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america invents act, IP, Patent

All Inventions Are Equal, But Some Inventions Are More Equal Than Others

It took over 6 years and two presidents (10 and three, depending who you ask), but a major patent overhaul finally passed both houses of Congress, after a Senate vote of 89-9 on H.R. 1249, without amendment. Although watered down from the aggressive changes to damages and litigation procedure proposed a few years ago, the bill still packs a punch and leaves many (read: small) businesses feeling as though their voices went unheard by lawmakers throughout the process.

Predictably, reactions are already flowing in.  Carl Gulbrandsen, head of patent licensing at University of Wisconsin-Madison predicts a drop in new businesses and a cutback in patenting from universities.  President Obama demonstrated his lack of connection with small businesses and entrepreneurs by congratulating Congress on passing “reform that will speed up the outdated patent process, so that entrepreneurs can turn a new idea into a new business as quickly as possible.”  In reality, the bill benefits the typical tech giants like Apple, Intel, Google, Dell, eBay and Cisco.  However, the bill’s biggest beneficiary may be IBM.  The software company’s PR department immediately issued a statement:

As the top U.S. patent recipient for the last 18 years, IBM values the ability to efficiently secure and protect the intellectual property rights, and commends passage of the America Invents Act, which will modernize USPTO operations and provide the patent office with vital resources and tools it needs to significantly enhance quality of patents issued to inventors.

IBM, under the leadership of Marshall Phelps, turned its patent portfolio into a $2 B per year licensing enterprise.  Odds are, they already have internal procedures in place to accelerate filings of their employees’ inventions.

The Senate debate prior to passage provided the most excitement C-Span has to offer.  Senator Coburn did his best to champion the amendment to restore the PTO revolving fund originally passed in S.23. Senator Leahy played the role of the cowardly George McFly, asking his fellow senators to abandon their plans to provide a fully self-funding patent office because those mean guys in the House already changed it once. An amendment would force the bill back over to the House, and if they spurn the Senate plans again Leahy just can’t take that kind of rejection.  Despite the media accounts, the Senate never voted on Coburn’s amendment. Instead, they voted on Leahy’s motion to table the amendment, which carried 50-48. Since a vote for the amendment meant voting against Leahy’s motion, I wonder how many Senators actually knew what side they were on.

Final passage in the senate was also not without some irony. One of the more obscure provisions changes the deadlines for requesting patent term adjustment. Evidently, with some retroactivity, passage of the bill will spare law firm WilmerHale from nine-figure malpractice liability. Curiously, this provision was thrown in by the House, as if on a lark, and failed to pass in its original vote. However, the vote was called while a House member was still in the “well” casting her vote. Although it wouldn’t have changed the outcome, Rep. Jesse Jackson Jr. insisted that the vote be retaken. Enough representatives changed from “nay” to “yea” during the second vote and the “WilmerHale bailout” was born.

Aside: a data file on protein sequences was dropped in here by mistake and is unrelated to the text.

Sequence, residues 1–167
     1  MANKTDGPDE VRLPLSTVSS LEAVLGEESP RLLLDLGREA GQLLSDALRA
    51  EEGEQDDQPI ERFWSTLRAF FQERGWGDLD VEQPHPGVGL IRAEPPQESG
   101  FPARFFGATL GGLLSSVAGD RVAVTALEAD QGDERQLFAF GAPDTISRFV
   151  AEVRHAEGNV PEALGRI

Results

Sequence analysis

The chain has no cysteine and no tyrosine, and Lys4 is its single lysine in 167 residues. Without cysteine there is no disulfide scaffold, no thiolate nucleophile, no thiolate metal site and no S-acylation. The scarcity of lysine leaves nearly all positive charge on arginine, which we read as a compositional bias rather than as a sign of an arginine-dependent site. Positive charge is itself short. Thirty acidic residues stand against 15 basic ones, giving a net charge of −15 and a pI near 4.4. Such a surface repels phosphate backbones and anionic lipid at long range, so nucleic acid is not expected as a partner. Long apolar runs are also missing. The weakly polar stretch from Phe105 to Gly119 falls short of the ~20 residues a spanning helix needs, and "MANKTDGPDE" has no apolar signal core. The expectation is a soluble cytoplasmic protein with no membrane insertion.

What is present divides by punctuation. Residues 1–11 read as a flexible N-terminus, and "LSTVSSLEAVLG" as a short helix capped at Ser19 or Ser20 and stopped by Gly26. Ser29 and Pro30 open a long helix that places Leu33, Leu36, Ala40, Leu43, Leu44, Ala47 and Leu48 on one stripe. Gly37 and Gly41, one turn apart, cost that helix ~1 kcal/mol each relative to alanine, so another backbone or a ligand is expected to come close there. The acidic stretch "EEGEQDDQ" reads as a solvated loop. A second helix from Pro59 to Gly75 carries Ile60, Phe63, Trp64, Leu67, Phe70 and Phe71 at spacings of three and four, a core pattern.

Back in the Senate, the irony arrived in full when Senator Jeff–DataTreasury be damned–Sessions tried to torpedo the PTA section of the bill. His complaint? (And you should probably sit down.) He doesn’t want to bail out a law firm that made a mistake and make consumers and taxpayers to pay for that error.  Apparently, the Senator from Alabama is not on WilmerHale’s donor list.

In the end, the rest of us suffer with a more complex patent system, adding new, overlapping post-grant review procedures (so a patent isn’t really a patent at all).  The patent office remains subservient to politicians that control its purse-strings, which in the past has led to an understaffed, overworked examination corps.  With a million patent backlog, and compensation (raise and bonuses) tied to “disposing” of patent applications, the emphasis is on rejection even where applications demonstrate merit.  Underfunded inventors easily become discouraged by this process, by IP giants like IBM have the resources to trod right through the bureaucracy.  Congress had a chance to fix it, and, simply put, they blew it. Next?

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Discussion

2 thoughts on “All Inventions Are Equal, But Some Inventions Are More Equal Than Others

  1. Senator Maria Cantwell may have said it best: “This is not a patent reform bill. This is a big corporation patent give away that tramples on the rights of small inventors.” It’s certainly a shame that Sen. Coburn’s amendment didn’t stand a chance. But considering the current political climate, I suppose it’s not surprising.

    Posted by patent litigation | September 12, 2011, 8:27 pm
  2. Apparently it doesn’t matter who you vote into office. Republican or Democrat, 99% of them are corrupt or too ignorant to hold the office they were elected to. Way to go! You’ve screwed us again!

    Posted by weymom | September 15, 2011, 9:35 pm

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